I would say the pregnancy stage, and here’s why. Women immediately think, oh, I guess this book is only for me if I have a newborn. And a lot of women, new moms, don’t have time to read, or they’re too tired, and a lot of them are focusing on books to tell (them) how to take care of a new baby. They’re not focusing on the marriage right now.
We’re fed these soft-focus images of what pregnancy is through the media. The media is like, here’s Denise Richards – she just had her second baby and two weeks later she’s in a size two bathing suit. That’s just what we’re fed. You look at all the blips on all the magazine covers – all these people have 24/7 nannies. They’re not breastfeeding a baby and giving their 2-year-old a bath on a cold bathroom floor at the same time. That’s just the reality that we find ourselves in. So, I wish that there was more about pregnancy in there, so pregnant women would say, oh, this book’s for me, too.
Pregnant women who read our book – first-time pregnant women who read our book - they don’t believe us and they think we’re being really negative because they don’t have a child yet. What’s interesting, the great reviews – the five-star reviews we get - are from women who have a 6-month-old and up, who are in the throes of parenthood, their lives have completely changed. They understand, “I’m a mother, I’m a wife, I’m a parent – this is reality.”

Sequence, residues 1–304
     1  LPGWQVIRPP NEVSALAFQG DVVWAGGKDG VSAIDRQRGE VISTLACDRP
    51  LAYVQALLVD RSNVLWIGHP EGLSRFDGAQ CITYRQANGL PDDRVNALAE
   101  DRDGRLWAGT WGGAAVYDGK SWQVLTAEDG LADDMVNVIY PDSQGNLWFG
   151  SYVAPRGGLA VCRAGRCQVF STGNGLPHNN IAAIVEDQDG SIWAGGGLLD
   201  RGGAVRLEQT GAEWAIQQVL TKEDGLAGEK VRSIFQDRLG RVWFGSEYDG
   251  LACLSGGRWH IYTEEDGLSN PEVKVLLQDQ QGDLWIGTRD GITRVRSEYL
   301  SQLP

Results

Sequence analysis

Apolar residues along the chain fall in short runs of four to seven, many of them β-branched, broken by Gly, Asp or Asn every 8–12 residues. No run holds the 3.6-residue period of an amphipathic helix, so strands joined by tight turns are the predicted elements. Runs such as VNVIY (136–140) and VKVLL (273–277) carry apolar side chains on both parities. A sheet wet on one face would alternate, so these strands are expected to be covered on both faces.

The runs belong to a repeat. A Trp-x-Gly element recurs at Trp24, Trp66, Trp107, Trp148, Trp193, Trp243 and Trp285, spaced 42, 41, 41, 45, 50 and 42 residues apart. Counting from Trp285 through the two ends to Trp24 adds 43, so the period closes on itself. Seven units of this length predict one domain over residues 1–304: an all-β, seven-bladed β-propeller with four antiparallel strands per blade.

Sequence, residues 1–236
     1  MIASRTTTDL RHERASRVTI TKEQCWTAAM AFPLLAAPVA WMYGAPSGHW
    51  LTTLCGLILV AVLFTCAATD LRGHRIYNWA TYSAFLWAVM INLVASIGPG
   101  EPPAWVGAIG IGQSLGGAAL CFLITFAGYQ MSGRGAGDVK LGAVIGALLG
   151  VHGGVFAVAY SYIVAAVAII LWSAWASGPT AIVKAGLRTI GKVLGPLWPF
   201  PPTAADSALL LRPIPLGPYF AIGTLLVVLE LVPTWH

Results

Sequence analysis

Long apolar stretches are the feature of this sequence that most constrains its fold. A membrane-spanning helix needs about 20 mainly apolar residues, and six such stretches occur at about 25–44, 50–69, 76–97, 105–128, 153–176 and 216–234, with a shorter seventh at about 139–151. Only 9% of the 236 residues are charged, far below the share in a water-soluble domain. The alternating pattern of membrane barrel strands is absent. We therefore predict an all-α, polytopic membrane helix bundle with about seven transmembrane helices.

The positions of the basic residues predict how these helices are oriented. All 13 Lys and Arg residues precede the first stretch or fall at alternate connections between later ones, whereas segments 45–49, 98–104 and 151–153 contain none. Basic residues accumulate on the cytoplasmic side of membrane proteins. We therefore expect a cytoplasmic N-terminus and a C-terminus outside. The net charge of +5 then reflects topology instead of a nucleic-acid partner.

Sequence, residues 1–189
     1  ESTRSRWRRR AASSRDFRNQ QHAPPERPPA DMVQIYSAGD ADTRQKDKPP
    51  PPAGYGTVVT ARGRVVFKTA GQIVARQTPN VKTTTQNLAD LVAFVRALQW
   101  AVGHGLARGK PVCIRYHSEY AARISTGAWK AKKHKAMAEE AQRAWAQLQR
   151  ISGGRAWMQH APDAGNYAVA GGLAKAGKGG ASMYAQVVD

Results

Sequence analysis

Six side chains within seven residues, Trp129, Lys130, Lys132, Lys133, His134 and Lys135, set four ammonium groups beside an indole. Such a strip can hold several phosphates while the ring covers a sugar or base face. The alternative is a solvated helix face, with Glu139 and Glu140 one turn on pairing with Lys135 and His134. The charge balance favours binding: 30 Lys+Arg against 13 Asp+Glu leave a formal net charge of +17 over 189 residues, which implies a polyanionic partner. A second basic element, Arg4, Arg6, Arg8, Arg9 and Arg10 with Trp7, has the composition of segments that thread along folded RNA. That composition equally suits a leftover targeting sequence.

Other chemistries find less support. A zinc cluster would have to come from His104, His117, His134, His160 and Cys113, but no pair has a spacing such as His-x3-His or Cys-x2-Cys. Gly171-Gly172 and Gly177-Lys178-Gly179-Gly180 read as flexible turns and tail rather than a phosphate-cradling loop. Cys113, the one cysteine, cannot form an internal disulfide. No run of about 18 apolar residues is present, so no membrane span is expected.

When I was pregnant for the first time, I had a friend who tried to tell me, “you’re husband’s not going to get it. My husband’s on the golf course all the time, he doesn’t help out enough.” And I would say to myself, gosh, you know, that’s just their marriage. My husband and I communicate so well. And then we started having kids and the light bulb went off. That’s how Babyproofing came about.
Here’s your chance to have the last word. Anything else you want people to know about the book?
One thing we always like to say is that children are never the problem. That should never be construed in anything we say. When you have a child, there’s a third person in your marriage. It’s almost like puzzle pieces are all over the floor again, and you have to rebuild your marriage from the ground up again, with this third person in mind. It’s really how you respond to parenthood, and how you respond to each other as a couple, and how you figure out your new relationship. That’s what people don’t understand. This is a new relationship. The marriage – we say this over and over -- is the lynchpin of the family.